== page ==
A love of dairy and cows drives calf rearing for Otago raw milk business

When Steve and Shelli Mears retired from sharemilking four years ago, the one thing they couldn’t face was selling their favourite cows.

After breeding precious cow families for more than 20 years, they sat around the kitchen table and tried to come up with a plan. The family’s boutique raw milk business, Otago Fresh Milk, was born. The idea allowed them to keep their favourite pets and breed a new generation of milkers supplying homes and businesses between Oamaru and Dunedin with unadulterated farm fresh raw milk.

Steve and Shelli, daughter Katie and her partner Connor are passionate about their cows and the milk they produce on their 24-hectare farm at Palmerston in Otago. Their business model means they have no bobby calves and every calf born is reared, whether as a replacement for their herd or for sale.

“We’re not your standard operation. Every cow in our herd is known by name and most are registered pedigrees so there is always great excitement when we have new calves on the ground,” says Shelli.

Their herd of 40 Friesian, Jersey and Brown Swiss cows calve twice a year, in March and April and again in August and September. Shelli says how they rear their calves is key to their business.

“How our calves are treated is a big thing for our customers. It’s why they buy our milk,” says Shelli. “We’re hot on colostrum management and we tend to leave our calves on mum for a lot longer than more traditional dairy models.

“We rear all our calves so there are no bobby calves on our farm. The ones we don’t need go to sales, mainly for lifestyle block owners.”

The size of the Mears’ herd means they can give colostrum in the paddock after the calf is born or stand with it to make sure it gets its first proper feed off mum.

Calves stay on their mothers for up to three weeks before being brought into pens for rearing. It is here they are fed warm milk from the vat twice a day and are introduced to calf meal.

“Traditionally you might start calves on a muesli, but because we have a small number of calves we start with meal and mix it with lucerne chaff to encourage them to start eating it,” says Shelli.

The Mears are SealesWinslow customers, and they work to get calves eating up to 1kg of meal per day to ensure they are getting the coccidiostat intake they need to ward off disease.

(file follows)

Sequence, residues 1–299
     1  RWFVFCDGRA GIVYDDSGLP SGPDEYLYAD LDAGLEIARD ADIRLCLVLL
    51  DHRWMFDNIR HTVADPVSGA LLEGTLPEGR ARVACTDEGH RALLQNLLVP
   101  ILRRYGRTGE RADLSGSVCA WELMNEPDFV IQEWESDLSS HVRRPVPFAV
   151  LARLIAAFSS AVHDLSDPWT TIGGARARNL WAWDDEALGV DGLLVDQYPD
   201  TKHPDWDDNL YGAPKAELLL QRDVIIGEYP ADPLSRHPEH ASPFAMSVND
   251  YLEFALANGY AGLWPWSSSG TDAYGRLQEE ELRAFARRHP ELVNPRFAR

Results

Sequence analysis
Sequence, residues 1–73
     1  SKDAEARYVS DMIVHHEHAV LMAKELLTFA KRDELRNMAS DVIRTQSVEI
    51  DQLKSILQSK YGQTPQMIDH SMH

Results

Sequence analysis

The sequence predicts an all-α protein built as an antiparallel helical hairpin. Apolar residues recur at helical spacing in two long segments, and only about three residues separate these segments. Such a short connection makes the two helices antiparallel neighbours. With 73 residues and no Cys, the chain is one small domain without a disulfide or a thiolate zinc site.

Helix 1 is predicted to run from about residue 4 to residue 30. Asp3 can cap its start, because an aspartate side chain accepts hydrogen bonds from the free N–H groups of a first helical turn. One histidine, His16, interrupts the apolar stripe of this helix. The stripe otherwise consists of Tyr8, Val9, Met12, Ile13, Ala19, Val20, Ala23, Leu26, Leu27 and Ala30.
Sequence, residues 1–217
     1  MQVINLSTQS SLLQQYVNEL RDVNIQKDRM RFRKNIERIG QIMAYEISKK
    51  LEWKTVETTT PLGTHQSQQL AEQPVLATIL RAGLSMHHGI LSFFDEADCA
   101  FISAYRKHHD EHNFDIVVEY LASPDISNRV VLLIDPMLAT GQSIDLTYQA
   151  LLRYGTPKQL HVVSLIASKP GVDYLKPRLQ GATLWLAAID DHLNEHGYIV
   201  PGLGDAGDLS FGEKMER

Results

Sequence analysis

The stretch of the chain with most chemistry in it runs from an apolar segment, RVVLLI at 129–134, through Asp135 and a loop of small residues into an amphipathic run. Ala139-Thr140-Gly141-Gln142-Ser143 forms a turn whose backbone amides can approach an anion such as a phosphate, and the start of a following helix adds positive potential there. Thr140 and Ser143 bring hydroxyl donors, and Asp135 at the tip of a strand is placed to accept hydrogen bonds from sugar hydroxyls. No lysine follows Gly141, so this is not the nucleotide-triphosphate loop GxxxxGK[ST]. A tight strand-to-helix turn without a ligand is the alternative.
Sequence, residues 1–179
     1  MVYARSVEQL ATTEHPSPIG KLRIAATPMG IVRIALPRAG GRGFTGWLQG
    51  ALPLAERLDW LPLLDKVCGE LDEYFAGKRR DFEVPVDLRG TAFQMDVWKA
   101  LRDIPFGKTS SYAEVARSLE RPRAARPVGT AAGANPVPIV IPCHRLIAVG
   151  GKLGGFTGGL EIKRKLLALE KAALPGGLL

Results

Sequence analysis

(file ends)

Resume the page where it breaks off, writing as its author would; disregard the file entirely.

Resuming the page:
“We have quite a different system to other dairy farming operations. All the milk we produce goes to customers or gets fed to our calves. It can be six to 12 months before our calves are fully weaned,” says Shelli.

The calves stay on meal until they are yearlings. This allows the Mears to make the most of the limited amount of grass they have on their small farm and grow the calves to their full potential.

Shelli says SealesWinslow meal helps with calves’ rumen development and building the lifelong value of their animals.

“There’s no more important time for growth than the pre-puberty period of the calf because it influences their lifetime production. It’s a vital part of growing that calf so it can reach its full potential,” says Shelli.

“We’re growing every single calf to its genetic potential. SealesWinslow pellets have the nutrients, vitamins, minerals, coccidiostats and starches they need for optimal health and for rumen development.”

Many of the Mears’ herd are also shown at A&P shows around the region. Shelli knows that if she wants her animals to win in the ring, they must be fully fed.

Her calf rearing approach also pays off at sale time. Friesian bulls are sold through the saleyards twice a year. The last calves sold were spring born, but because of their size, the auctioneer thought they were Autumn born. Shelli’s Autumn born calves were in such good condition they were sold as yearlings.

“We’re proud of how well we do with them. We’re not doing big numbers, but people want well-grown animals. The way we are rearing them and what we’re feeding them is achieving that,” says Shelli.

The Mears milk their herd in a nine-a-side single herringbone shed that they built themselves. They offer farm tours where customers can stand on one side of herringbone while the cows are milked on the other.

“We get a lot of customers coming through and family groups who want to see where their milk is coming from. We’re happy to give them a look behind the scenes!”

As a licensed raw milk supplier, the Mears’ must follow strict procedures and complete rigorous testing of their milk to ensure the safety of every batch.

Shelli says if they were supplying a larger dairy company, they would never raise calves the way they do, like leaving them on their mothers for an extended period or feeding them warm milk from the vat. However, she says many of their methods are transferrable to larger operations.

“Making sure they get colostrum in those early hours after birth is important no matter how many calves you’re rearing. Making sure they’re fully fed. Using quality calf muesli, meal, or pellets to make sure they grow to their full potential. These are all things every farmer should do,” says Shelli.

“We do it for the love of dairy and for the love of cows. We developed the business so we could keep our cows. We didn’t keep our cows so we could have a business.”